The BEC is the student court responsible for overseeing MSA’s presidential and vice presidential elections. The court has the power to fine slates for violations of the BEC Handbook and even expel them from the election.
The handbook is a 24-page document that details what slates can and cannot do during the three-week campaign season. Slates cannot, among other things, break university policy or city of Columbia laws, send mass emails or other mass forms of communication, campaign in Campus Dining Services locations or post fliers in certain areas.
The first violation results in a written warning from the BEC, and the second results in a $50 fine. The third violation, if committed before the last week of campaigning, results in a $150 fine, an order to cease campaigning for a 24-hour period and the slate may be expelled from the race. If a slate commits an infraction during the last week of campaigning, the slate must pay a fine of $200 and may also be expelled from the race.
The BEC regularly posts press releases with information about its rulings on the court’s Twitter.
5. What happened during last year’s election?
The president- and vice president-elect, Haden Gomez and Chris Hanner, resigned the night of their scheduled inauguration under threat of impeachment by Senate. During the election, the campaign had paid the app Pocket Points to send a notification to students endorsing the slate, but the BEC did not expel the slate from the election because the court did not find sufficient evidence that Gomez/Hanner had sought the endorsement.
After their election, former campaign manager Natalie Edelstein released screenshots from the campaign GroupMe showing that the slate had indeed sought out and paid for the endorsement. At the time, Edelstein had recently been fired from her appointed cabinet position. Two students involved with current presidential campaigns, de Leon and Willett/Englert campaign manager Leslie Parker, were also involved with the Gomez/Hanner campaign and appointed to cabinet positions.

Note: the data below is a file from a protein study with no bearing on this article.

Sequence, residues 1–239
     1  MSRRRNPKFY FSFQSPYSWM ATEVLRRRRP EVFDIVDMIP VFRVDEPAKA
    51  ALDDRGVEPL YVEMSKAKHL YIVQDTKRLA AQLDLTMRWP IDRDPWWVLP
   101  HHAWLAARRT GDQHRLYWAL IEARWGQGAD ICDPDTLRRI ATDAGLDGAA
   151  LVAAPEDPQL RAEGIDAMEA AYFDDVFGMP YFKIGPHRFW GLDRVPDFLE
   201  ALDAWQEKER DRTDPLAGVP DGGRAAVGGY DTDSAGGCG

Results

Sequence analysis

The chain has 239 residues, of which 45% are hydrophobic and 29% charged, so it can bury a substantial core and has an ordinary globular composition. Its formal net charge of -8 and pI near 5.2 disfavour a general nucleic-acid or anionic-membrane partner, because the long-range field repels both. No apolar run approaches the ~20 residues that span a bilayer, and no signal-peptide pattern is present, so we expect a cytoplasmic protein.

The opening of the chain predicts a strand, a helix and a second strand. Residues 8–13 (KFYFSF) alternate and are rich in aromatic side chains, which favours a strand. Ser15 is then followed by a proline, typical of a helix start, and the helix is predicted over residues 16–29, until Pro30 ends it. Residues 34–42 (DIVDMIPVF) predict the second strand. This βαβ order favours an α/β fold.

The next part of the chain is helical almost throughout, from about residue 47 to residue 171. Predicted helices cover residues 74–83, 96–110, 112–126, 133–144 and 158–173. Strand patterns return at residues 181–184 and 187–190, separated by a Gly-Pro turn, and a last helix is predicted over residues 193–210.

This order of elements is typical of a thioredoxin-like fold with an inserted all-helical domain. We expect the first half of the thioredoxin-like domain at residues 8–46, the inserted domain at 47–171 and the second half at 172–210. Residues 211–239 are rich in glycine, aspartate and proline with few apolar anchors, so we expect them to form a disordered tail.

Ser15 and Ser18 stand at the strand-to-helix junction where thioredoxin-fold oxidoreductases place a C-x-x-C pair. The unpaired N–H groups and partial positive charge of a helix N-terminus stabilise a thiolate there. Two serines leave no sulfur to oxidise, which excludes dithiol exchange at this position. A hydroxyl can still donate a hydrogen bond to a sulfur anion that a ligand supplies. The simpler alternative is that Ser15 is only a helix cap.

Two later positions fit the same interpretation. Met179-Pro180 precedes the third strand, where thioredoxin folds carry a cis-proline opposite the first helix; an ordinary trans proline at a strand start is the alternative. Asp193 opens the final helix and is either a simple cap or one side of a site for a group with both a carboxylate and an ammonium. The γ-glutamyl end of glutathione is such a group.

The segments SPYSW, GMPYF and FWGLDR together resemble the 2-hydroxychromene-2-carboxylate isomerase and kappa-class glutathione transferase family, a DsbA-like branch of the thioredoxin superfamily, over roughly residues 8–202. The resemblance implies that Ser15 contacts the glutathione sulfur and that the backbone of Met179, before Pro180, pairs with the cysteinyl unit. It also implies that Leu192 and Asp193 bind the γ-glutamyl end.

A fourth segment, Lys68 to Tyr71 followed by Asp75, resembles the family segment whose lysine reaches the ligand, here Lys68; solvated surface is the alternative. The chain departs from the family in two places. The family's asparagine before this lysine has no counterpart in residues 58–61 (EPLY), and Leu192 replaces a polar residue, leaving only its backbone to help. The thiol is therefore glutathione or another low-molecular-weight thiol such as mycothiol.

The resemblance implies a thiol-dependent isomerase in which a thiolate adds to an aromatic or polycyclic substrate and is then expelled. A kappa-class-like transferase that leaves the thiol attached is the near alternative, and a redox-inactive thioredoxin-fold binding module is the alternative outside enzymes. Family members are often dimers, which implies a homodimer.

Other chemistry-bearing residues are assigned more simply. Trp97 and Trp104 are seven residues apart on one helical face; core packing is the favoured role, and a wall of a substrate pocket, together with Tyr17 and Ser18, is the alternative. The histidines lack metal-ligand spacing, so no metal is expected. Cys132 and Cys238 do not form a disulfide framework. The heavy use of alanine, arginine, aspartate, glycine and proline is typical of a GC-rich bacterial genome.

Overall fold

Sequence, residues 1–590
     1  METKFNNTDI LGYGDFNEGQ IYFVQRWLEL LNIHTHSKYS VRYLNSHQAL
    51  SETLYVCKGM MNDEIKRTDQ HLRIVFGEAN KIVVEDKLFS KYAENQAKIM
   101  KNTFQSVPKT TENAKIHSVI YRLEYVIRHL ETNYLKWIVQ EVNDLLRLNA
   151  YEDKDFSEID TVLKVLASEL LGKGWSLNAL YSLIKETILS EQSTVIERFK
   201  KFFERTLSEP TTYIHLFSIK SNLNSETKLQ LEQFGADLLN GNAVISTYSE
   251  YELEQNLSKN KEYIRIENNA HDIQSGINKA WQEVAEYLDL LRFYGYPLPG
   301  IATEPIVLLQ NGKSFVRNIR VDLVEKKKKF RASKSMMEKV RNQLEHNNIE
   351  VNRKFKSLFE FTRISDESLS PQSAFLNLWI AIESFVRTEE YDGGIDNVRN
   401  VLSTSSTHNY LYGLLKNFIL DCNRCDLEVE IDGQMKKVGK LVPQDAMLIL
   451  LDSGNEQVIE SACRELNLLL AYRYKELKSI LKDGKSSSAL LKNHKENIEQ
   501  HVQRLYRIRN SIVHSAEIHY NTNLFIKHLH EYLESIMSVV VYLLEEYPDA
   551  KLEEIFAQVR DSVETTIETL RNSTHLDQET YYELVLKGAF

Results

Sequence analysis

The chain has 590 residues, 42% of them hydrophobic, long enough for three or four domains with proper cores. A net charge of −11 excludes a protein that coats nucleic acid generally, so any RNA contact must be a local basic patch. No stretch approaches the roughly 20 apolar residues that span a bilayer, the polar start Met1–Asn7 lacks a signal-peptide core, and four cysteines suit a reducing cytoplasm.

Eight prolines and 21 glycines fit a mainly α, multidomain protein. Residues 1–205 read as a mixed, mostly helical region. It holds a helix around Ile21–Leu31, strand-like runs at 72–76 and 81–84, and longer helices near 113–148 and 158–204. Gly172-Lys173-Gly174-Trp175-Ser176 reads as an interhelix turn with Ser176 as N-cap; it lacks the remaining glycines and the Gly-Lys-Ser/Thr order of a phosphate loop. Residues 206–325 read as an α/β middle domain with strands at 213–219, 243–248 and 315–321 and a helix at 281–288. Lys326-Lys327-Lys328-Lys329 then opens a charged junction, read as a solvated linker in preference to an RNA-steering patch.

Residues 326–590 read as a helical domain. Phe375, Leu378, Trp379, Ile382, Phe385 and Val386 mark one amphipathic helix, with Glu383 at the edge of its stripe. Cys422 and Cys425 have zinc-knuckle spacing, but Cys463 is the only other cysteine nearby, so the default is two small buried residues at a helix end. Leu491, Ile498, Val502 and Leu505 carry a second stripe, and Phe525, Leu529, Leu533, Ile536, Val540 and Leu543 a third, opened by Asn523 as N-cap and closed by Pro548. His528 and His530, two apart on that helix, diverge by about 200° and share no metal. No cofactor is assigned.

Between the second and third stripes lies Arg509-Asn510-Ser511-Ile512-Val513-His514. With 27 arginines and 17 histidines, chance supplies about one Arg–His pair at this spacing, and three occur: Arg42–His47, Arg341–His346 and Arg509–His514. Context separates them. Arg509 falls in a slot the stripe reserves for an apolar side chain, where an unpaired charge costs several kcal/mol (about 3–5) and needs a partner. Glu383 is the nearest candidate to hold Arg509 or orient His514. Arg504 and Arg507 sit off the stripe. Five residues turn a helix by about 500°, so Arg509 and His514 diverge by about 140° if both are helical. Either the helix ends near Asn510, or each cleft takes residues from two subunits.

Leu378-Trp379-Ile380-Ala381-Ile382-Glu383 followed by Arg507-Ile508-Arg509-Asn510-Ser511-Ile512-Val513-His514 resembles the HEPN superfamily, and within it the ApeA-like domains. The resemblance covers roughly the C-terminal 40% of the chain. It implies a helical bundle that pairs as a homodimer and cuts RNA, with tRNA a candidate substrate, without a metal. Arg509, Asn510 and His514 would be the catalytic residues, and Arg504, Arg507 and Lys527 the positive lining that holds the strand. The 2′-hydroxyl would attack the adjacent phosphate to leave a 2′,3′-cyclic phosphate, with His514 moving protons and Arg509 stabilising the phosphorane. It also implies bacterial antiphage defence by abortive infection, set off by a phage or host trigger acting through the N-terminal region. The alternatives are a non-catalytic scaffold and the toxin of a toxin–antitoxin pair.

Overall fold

After other senators proposed various pieces of legislation that would block them from assuming office, Schafer, who was academic affairs chairwoman at the time, was the first senator to propose inaugurating and then impeaching Gomez and Hanner. The president- and vice president-elect resigned immediately after. Earl and Schafer became president and vice president in the subsequent special election.
6. What is different about this election?
Last year, MSA created a proposal to move the election from the fall semester to the spring, which passed via referendum. In doing so, the referendum made the timing of the election permanently match the special election, eliminating the logistical problem of electing yet another president and vice president the semester immediately after the special election.
The change has not come without some difficulties. The new timing of the election means it falls at the same time as the passage of the MSA budget, forcing senators who are also working campaigns to split their attention between review of the budget and campaigning. Campaign season also comes at the same time as the Residence Halls Association presidential election and the MSA Senate speaker election.
While the Senate speaker is bound by a neutrality clause that bans them from endorsing or aiding a presidential campaign, the speaker-elect is not held to the same standard. This allows Speaker-elect Hunter Windholz to also serve as the campaign manager of the Schafer/de Leon slate. Windholz will not take over from current Speaker Mark McDaniel until after the presidential election closes.
7. What else is on the ballot?
The Student Services Enhancement fee, a $35 fee that will restore 24/5 library access, add three counselors to the Counseling Center and enhance TigerWiFi, among other items, will go up for a vote on the same ballot.
Academic college senators will also be elected at the same time.
Voting will take place March 6-8 at vote.missouri.edu, and the results of the election will be announced following March 8’s full Senate meeting.
Edited by Sam Nelson | firstname.lastname@example.org